- Focus our mind on the positive rather than the negative because happiness is a state of being
We don’t experience happiness and joy without also feeling other emotions like pain, grief and anger.
So, you may feel a whole gamut of emotions as you go through your day…
However, it’s what you choose to do with those emotions that matters. When you don’t know how you feel, but instead, bottle up those emotions, then those bad feelings turn into something more… Something bigger and something harder.
How To Deal With A Bad Day
#1. Name It
Acknowledge how you feel. It’s harder to face something when you can’t put a name on it. You may want to say how you’re feeling out loud or write it down: “I am sad” or “I feel grief” or “I am afraid”.
Give yourself permission to feel what you feel.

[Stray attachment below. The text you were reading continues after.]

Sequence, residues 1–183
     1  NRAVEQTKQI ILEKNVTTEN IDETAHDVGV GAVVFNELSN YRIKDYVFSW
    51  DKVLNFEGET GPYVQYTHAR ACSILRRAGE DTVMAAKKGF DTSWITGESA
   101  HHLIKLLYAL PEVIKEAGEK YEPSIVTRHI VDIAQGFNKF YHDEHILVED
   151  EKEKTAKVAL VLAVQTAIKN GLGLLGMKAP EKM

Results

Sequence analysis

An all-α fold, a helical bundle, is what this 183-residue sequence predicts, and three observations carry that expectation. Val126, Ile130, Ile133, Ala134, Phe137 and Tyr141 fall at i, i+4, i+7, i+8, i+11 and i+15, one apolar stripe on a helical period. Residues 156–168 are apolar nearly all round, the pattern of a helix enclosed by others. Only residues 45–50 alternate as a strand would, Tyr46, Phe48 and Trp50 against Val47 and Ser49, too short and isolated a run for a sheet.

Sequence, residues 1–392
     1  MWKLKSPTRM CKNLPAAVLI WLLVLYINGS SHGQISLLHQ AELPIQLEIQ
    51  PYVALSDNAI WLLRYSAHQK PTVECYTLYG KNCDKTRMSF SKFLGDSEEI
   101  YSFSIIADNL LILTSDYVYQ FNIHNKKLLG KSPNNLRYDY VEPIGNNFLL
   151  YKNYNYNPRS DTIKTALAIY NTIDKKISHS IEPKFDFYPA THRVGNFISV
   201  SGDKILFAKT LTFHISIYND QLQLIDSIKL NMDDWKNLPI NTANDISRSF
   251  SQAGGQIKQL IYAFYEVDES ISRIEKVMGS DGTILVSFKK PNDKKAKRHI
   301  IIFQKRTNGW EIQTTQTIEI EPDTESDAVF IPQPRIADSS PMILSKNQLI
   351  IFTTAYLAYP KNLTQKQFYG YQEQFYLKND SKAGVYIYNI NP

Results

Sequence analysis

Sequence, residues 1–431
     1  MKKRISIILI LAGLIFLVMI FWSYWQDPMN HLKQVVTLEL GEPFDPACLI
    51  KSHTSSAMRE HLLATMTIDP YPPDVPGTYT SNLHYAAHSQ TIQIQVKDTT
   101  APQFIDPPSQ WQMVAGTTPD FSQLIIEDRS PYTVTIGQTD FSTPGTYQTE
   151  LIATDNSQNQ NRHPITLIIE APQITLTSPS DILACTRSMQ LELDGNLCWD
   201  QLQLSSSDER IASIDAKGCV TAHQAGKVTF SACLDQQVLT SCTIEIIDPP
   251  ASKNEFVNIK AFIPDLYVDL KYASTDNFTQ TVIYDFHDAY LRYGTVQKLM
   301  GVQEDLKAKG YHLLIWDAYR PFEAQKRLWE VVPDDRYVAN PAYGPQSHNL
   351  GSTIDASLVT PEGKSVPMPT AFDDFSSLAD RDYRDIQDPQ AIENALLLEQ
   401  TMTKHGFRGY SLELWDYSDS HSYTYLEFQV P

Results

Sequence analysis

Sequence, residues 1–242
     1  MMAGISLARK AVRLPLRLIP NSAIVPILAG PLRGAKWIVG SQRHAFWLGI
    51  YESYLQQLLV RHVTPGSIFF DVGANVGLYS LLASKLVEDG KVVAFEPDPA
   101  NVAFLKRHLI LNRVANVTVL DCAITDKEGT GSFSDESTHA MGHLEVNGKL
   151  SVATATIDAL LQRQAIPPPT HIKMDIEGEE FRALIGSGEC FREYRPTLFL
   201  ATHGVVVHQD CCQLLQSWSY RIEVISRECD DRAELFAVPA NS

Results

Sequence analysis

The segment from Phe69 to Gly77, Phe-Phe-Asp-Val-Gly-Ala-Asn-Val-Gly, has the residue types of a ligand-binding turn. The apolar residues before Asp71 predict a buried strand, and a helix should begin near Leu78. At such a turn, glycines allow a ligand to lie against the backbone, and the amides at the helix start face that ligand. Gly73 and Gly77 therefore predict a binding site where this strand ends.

#2. Talk About It
Talk to someone about how you feel; don’t bottle it up.
It really does help to talk about it. When you share your thoughts and feelings, it’s like releasing the air from a balloon. You’re letting go of the negative emotions and it also helps you to process. Choose wisely who you talk to as you want someone who will truly care, listen to you and validate that your emotions are okay.
#3. Take Practical Steps
Maybe it’s a small situation, kind of like the grocery store incident with my husband — BIG frustration but not a big situation.
And yet, when he came home, we talked about how he was feeling because I could hear how frustrated he was (and I was secretly glad that that hadn’t happened to me… how’s that for empathy!).